How many communication satellites do we need?

Satellites are the mainstay of communication around the world, whether for voice calls, short message service, Internet and live television programmes of events at another faraway locale in the world. However, with the advent of dense networks of fibre optic cables linking different parts of the world together, the relevance of satellites for facilitating transfer of information and communication should be examined. In my opinion, there may be an excess of geostationary communication satellites around the world. More specifically, Africa may be the only continent that would need more geostationary satellites to be placed close to their locale, due primarily to the poor penetration of fibre optic cables in many parts of the impoverished continent.


Fibre optic cables carry the bulk of most analog and digital communications around the world at the moment, and there should be less reliance on geostationary satellites for transferring communications and information now. In particular, geostationary satellites, stationed at 36000 km away from Earth, are stationary with respect to a point on land, and serve as communication endpoints or relay stations for long distance analog and digital communications. However, with dense fibre optic cables linking different countries within and between continents, as well as within the same country such as Singapore, geostationary satellites may have lost their relevance in relaying real-time communications, such as live football matches, between two different hemispheres of Earth. In fact, the same communication content may be relayed more cheaply, and at higher fidelity, through oceanic and on land fibre optic cables compared to expensive geostationary satellites communication.


What is most common now may be a mix between fibre optic cable transmissions and satellite relay. Specifically, in areas without fibre optic cable connection, satellite relay may be the only method for delivering live real-time content such as the Olympic Games action to households. This is likely to be the predominant mode of communications in many parts of Africa. However, as Africa continues to develop, and more miles of fibre optic cable are laid, less use would be devoted to the expensive and hard to maintain geostationary satellites.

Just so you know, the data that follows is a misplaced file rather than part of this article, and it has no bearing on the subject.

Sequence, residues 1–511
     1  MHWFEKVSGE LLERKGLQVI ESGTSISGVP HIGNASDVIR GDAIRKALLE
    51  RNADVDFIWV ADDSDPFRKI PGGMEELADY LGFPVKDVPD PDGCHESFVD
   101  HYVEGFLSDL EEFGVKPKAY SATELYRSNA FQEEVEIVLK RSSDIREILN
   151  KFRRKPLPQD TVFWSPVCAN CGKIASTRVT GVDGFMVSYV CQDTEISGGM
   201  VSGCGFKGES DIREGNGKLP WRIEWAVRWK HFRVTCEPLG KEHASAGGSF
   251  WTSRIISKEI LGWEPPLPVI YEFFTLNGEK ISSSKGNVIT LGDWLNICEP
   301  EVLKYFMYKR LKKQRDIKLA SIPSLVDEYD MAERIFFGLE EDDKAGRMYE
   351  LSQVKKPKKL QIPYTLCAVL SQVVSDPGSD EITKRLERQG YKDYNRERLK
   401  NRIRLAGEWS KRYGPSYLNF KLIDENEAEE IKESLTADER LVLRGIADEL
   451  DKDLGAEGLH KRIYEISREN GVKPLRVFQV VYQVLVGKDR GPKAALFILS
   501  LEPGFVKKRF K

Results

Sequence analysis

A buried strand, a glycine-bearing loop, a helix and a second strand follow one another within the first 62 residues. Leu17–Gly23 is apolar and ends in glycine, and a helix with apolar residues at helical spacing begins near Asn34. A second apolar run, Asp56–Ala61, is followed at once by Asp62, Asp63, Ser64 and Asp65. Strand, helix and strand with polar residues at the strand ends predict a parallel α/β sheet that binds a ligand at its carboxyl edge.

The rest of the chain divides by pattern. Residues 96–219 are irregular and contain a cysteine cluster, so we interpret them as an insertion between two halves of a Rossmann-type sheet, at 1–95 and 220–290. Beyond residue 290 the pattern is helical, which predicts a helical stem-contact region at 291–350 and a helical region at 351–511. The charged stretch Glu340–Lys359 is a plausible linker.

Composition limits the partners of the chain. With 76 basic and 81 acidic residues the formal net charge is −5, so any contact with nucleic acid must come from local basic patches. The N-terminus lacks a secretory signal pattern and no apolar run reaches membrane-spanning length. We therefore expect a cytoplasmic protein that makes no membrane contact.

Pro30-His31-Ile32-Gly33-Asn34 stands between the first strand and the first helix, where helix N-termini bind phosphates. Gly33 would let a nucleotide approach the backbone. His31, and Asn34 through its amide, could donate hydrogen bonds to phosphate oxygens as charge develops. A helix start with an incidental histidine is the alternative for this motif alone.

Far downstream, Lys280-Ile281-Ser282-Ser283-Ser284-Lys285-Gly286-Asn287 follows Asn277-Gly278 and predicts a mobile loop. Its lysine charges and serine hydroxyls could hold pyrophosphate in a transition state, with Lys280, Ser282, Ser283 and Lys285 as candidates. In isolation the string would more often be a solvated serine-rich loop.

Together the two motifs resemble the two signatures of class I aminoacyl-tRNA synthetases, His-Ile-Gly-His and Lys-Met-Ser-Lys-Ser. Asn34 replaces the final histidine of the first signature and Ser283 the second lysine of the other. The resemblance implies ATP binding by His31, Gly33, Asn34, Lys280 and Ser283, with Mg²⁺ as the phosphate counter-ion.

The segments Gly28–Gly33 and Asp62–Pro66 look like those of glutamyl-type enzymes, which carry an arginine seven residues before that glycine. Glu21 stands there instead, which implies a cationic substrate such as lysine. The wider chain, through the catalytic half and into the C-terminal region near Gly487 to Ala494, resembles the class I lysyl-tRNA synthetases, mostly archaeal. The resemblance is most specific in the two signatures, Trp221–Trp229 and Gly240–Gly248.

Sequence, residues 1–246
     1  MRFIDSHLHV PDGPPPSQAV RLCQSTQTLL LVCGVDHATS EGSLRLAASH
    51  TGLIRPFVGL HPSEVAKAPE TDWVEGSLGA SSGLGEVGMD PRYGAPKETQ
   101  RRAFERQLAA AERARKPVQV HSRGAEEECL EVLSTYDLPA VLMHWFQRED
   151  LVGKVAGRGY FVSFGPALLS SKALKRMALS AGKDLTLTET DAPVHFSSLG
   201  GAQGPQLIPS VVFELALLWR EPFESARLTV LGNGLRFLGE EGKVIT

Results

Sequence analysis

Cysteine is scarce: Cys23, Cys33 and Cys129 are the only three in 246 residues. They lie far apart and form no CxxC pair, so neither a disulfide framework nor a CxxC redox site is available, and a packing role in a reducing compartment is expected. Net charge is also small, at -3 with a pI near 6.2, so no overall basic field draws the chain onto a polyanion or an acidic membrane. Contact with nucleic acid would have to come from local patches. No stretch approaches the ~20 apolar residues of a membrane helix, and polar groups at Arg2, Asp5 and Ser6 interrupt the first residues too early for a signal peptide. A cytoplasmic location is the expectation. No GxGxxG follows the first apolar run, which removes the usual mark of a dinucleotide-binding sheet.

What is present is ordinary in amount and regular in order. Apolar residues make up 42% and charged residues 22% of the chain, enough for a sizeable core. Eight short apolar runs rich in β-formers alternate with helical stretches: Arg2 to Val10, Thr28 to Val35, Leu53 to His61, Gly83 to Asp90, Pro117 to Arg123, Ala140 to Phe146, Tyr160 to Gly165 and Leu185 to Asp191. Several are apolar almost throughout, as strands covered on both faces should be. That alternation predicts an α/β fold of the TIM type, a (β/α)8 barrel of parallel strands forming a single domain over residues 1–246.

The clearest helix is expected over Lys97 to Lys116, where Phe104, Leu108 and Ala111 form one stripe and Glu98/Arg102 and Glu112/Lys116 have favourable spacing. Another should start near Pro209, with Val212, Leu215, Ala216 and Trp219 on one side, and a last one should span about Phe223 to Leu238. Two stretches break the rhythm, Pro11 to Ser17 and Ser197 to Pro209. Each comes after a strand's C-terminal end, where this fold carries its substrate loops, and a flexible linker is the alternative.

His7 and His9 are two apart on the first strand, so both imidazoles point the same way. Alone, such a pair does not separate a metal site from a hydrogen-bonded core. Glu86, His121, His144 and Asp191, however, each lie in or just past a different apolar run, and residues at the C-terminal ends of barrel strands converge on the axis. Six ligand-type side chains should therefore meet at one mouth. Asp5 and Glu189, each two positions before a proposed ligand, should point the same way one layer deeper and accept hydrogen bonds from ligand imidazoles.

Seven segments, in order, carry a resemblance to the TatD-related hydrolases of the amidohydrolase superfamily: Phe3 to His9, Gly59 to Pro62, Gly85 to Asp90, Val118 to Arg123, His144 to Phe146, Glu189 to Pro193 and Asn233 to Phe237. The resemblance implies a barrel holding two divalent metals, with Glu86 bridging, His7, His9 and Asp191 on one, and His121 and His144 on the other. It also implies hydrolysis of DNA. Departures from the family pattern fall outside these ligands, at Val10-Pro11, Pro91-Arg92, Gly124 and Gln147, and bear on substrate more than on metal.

Compared to geostationary satellites, fibre optic cables are easier to maintain and require less maintenance, hence, they are a cheaper and more widely used communication route vis-à-vis geostationary satellites. With last mile access to household at a cheaper cost per unit of information compared to satellite communications, fibre optic cables continues to the utilized for our communication needs, with less resources devoted to the renewal of old and must be replaced satellites. Hence, except for Africa, where there is less mileage of fibre optic cable, geostationary satellites are likely to be increasingly out of favour amongst communications companies due to high cost of investment and maintenance.


Category: communications,
Tags: geostationary satellites, cost, fibre optic, last mile access,




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